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'Rambunctious' McCain says he had chip on shoulder

Republican presidential candidate John McCain has a reputation for sometimes losing his temper, and based on his speech on Tuesday, he was even worse in high school in the 1950s.

Republican presidential candidate U.S. Senator John McCain (R-AZ) greets supporters at his New Hampshire primary night rally in Nashua January 8, 2008. (REUTERS/Mike Segar/Files)

McCain is on a nostalgic tour this week of places that were instrumental to his upbringing as he tries to reintroduce himself to Americans, and grab some headlines while Democrats Barack Obama and Hillary Clinton dominate news coverage with their battle on who will face McCain in the November election.

Arizona Sen. McCain returned to Episcopal High School near Washington, where he graduated in 1954, and told students about being judged by his peers as "the worst rat," a title rendered to him as a first-year student for piling up demerits and other acts of immaturity.

McCain said he arrived at the private boarding school as a "pretty rambunctious boy, with a little bit of a chip on my shoulder." And he said he would respond aggressively when challenged.

Some colleagues in the U.S. Senate who have felt his wrath might agree.

"In all candor, as an adult I've been known to forget occasionally the discretion expected of a person of my years and station when I believe I've been accorded a lack of respect I did not deserve," he said.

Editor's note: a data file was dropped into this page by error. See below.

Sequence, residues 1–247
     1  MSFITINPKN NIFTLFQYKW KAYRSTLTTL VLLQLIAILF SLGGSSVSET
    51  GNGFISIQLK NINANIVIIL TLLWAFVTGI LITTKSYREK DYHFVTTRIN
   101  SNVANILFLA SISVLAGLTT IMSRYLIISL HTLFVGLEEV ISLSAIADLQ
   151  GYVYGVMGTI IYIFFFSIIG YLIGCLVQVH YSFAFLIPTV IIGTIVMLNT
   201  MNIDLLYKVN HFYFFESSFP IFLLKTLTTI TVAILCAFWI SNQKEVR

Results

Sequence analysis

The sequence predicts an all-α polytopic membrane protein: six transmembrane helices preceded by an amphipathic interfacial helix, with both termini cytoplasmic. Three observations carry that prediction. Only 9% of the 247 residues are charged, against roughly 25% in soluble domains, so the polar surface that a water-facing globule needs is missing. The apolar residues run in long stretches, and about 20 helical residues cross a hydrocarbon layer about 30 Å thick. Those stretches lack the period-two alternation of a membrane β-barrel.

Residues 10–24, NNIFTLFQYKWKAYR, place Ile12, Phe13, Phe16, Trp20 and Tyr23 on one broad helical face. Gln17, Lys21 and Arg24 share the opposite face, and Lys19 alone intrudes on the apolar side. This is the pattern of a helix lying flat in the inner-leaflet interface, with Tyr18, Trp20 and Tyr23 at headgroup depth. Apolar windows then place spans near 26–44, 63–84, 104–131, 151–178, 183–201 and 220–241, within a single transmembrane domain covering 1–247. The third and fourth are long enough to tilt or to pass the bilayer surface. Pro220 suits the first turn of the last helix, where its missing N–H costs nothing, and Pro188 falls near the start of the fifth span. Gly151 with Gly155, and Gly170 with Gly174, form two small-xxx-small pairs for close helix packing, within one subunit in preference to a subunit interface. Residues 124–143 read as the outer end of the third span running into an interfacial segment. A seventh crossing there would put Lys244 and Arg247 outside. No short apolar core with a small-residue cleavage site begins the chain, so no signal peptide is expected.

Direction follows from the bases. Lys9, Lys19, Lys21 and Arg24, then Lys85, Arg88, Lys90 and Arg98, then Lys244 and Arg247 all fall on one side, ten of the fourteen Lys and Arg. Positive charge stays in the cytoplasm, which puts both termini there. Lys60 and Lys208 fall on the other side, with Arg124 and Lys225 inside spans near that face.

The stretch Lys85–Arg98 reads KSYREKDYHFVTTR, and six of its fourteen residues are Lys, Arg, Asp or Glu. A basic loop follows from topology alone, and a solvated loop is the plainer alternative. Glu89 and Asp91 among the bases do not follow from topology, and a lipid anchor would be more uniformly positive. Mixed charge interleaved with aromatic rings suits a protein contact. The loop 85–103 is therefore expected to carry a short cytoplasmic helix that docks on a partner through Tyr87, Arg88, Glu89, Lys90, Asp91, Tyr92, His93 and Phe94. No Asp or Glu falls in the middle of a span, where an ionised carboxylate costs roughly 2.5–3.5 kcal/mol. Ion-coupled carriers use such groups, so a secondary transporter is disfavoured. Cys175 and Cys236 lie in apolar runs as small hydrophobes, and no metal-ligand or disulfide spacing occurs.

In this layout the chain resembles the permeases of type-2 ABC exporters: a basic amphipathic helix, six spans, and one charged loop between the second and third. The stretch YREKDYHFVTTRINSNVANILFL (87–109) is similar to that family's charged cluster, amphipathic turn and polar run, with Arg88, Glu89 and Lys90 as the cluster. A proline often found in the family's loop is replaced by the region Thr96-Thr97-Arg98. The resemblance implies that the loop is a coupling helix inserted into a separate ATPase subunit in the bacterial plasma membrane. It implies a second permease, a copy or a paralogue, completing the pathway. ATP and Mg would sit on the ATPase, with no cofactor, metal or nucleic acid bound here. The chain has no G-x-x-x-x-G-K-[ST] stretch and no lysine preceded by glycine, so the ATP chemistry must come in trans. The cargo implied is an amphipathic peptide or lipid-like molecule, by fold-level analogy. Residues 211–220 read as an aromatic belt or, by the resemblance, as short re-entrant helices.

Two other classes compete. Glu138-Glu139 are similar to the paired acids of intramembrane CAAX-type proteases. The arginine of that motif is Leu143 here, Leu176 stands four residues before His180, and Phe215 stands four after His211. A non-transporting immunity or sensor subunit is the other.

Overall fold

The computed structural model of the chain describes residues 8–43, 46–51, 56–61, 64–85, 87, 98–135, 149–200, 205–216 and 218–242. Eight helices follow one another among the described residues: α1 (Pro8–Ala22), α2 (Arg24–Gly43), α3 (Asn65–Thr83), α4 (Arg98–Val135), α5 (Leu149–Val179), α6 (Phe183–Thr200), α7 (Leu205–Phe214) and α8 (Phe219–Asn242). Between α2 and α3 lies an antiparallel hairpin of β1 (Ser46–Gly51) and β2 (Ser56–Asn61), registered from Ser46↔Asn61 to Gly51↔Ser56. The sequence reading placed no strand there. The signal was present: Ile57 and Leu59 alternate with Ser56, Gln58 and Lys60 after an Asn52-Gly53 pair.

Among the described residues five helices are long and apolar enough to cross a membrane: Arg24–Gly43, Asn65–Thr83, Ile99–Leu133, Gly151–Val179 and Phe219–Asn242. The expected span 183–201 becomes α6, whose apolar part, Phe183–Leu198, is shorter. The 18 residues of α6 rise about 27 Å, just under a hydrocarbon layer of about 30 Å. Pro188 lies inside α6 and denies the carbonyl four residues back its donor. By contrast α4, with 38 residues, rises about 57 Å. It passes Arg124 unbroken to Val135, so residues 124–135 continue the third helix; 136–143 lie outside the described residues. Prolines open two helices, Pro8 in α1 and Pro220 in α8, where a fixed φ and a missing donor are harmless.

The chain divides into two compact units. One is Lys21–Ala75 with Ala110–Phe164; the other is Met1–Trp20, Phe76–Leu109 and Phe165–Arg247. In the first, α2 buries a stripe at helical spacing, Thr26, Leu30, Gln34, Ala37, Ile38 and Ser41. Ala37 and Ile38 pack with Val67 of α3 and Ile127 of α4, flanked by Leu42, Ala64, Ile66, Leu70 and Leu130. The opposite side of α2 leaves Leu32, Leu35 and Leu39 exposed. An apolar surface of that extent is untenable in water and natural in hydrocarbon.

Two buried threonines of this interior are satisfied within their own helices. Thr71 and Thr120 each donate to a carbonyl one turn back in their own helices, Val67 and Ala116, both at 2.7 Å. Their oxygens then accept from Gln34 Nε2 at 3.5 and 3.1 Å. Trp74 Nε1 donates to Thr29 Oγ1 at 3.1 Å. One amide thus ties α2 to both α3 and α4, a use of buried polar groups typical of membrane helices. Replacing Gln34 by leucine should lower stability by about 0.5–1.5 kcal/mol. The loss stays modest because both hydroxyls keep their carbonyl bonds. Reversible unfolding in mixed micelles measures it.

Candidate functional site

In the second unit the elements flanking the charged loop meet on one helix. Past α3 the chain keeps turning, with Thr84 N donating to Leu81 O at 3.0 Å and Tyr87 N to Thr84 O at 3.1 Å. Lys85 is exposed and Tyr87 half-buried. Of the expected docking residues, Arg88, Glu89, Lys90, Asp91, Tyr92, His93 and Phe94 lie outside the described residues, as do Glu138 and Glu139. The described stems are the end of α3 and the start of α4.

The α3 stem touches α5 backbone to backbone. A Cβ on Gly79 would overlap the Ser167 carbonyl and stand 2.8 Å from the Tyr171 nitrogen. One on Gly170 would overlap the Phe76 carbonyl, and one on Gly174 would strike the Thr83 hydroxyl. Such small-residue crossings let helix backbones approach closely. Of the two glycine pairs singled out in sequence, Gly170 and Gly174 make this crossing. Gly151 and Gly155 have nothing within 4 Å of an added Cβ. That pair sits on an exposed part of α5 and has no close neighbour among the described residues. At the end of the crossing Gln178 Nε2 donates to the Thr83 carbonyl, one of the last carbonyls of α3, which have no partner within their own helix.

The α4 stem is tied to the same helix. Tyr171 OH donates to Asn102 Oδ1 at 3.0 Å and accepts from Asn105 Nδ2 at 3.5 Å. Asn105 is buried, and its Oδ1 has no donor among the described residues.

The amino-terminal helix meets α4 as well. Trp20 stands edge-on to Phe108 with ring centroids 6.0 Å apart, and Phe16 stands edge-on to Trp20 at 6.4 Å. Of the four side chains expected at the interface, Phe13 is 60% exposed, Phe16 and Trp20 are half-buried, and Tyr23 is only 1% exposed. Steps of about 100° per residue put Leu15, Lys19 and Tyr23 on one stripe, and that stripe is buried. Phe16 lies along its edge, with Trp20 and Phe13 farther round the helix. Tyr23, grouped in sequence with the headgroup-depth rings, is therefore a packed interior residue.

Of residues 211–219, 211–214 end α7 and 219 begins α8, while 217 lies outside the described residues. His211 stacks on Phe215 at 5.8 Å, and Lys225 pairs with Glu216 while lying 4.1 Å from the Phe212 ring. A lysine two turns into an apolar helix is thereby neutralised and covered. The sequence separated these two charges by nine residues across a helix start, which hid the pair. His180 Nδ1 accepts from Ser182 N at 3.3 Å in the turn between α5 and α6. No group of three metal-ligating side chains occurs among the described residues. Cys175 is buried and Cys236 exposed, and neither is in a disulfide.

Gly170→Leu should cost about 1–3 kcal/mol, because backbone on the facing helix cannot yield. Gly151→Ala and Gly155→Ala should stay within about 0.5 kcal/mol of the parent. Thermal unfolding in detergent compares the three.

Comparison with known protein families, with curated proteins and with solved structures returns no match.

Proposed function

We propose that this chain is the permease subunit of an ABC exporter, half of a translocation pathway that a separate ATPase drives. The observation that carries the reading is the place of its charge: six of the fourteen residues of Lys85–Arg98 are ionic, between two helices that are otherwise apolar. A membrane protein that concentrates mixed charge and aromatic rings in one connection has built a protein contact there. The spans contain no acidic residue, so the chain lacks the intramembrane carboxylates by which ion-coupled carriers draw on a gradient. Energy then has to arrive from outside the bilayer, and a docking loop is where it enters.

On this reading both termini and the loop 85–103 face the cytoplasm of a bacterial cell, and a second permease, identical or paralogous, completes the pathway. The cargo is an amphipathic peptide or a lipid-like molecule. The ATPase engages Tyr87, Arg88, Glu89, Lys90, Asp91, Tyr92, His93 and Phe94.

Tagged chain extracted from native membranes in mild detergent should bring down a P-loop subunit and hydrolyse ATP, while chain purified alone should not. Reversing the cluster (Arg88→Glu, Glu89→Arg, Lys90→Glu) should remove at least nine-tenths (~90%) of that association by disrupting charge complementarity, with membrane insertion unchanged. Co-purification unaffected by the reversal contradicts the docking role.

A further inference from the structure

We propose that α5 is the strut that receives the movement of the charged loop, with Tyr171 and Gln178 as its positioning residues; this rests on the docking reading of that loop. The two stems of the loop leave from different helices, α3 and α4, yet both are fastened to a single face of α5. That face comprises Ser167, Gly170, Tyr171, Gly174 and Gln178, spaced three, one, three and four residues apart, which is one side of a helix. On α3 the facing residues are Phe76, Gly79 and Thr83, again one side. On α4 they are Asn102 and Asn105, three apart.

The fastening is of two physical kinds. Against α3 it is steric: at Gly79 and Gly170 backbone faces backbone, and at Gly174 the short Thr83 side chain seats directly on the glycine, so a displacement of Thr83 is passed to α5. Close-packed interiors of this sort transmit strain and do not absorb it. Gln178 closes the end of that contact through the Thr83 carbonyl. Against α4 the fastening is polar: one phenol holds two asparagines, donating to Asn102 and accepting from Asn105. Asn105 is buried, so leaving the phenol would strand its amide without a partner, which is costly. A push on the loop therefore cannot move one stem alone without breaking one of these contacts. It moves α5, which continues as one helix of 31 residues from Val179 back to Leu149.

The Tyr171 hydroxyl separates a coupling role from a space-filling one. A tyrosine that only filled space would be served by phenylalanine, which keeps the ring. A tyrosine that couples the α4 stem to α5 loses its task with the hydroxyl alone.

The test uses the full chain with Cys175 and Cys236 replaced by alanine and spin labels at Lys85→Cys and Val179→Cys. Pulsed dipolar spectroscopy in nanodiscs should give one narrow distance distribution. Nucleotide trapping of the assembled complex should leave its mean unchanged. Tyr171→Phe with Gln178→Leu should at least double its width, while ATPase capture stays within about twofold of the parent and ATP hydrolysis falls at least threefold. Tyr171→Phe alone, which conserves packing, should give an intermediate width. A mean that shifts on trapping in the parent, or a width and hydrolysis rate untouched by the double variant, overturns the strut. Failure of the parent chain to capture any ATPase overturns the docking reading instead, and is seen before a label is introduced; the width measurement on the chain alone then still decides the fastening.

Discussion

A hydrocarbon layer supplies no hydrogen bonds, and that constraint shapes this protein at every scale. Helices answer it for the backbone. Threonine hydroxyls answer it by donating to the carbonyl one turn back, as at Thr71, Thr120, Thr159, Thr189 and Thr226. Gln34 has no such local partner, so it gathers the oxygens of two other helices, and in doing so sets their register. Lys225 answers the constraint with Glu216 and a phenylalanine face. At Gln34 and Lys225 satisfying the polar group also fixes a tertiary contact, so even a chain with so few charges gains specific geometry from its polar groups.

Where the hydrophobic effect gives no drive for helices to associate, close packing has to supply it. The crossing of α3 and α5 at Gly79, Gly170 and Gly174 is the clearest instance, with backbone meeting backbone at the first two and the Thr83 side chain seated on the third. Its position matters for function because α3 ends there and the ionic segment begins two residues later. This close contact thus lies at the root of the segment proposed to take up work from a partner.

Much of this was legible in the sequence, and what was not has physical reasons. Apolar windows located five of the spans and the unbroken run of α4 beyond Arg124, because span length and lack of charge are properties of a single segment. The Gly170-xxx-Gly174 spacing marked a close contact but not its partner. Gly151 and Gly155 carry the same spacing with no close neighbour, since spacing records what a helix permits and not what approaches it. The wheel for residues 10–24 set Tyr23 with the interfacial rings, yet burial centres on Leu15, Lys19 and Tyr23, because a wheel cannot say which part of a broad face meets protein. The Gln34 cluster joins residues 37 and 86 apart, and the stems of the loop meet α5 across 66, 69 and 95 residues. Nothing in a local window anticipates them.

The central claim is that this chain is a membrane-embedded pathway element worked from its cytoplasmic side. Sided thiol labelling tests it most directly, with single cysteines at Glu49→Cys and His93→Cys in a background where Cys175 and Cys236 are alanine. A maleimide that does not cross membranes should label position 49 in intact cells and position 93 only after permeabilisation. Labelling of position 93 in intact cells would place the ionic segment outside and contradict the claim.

If his detractors had known him at Episcopal, he said with a smile, "they might marvel at the self-restraint and mellowness I developed as an adult."

McCain, 71, who spent 5 1/2 years as a Vietnam prisoner of war, is using the trip to tell Americans he is a flawed individual who respects duty, honor and sacrifice for the good of the country.

He visits the U.S. Naval Academy in Annapolis, Maryland, on Wednesday, where he graduated fifth from the bottom of his class, then goes on to Florida, where he trained as a pilot, and back home to Arizona, where his political career began.

"I have been a very imperfect public servant," McCain said. "I have always tried to do well, I always try to do better, but I have made more than my share of mistakes."

During a question-and-answer session with the students, a young woman asked him why he was holding an obviously campaign event at the high school, saying she had been told it was not to be a political event.

"This meeting is over," McCain joked.

Then he said he was on the tour to emphasize values and principles that guided him and to offer a vision of how to tackle challenges, and he apologized "if you are unwillingly in attendance here."

McCain is expected next week to offer a plan for helping homeowners who are having trouble paying their mortgage bills due to adjustable-rate loans, the central cause of the current housing crisis.

Democrats have criticized him for not offering more details on what he would do to help repair the U.S. economy. A broader economic speech is expected later in April.

McCain, in an interview with ABC's "Good Morning America," gave some idea of what he was talking about.

"I think we can have many procedures for doing so. Having lenders and borrowers sit down together and the lending institutions having the ability to provide some relief; maybe some other incentives for people to stay in their own homes, which I'll be presenting in the next few days," he said.

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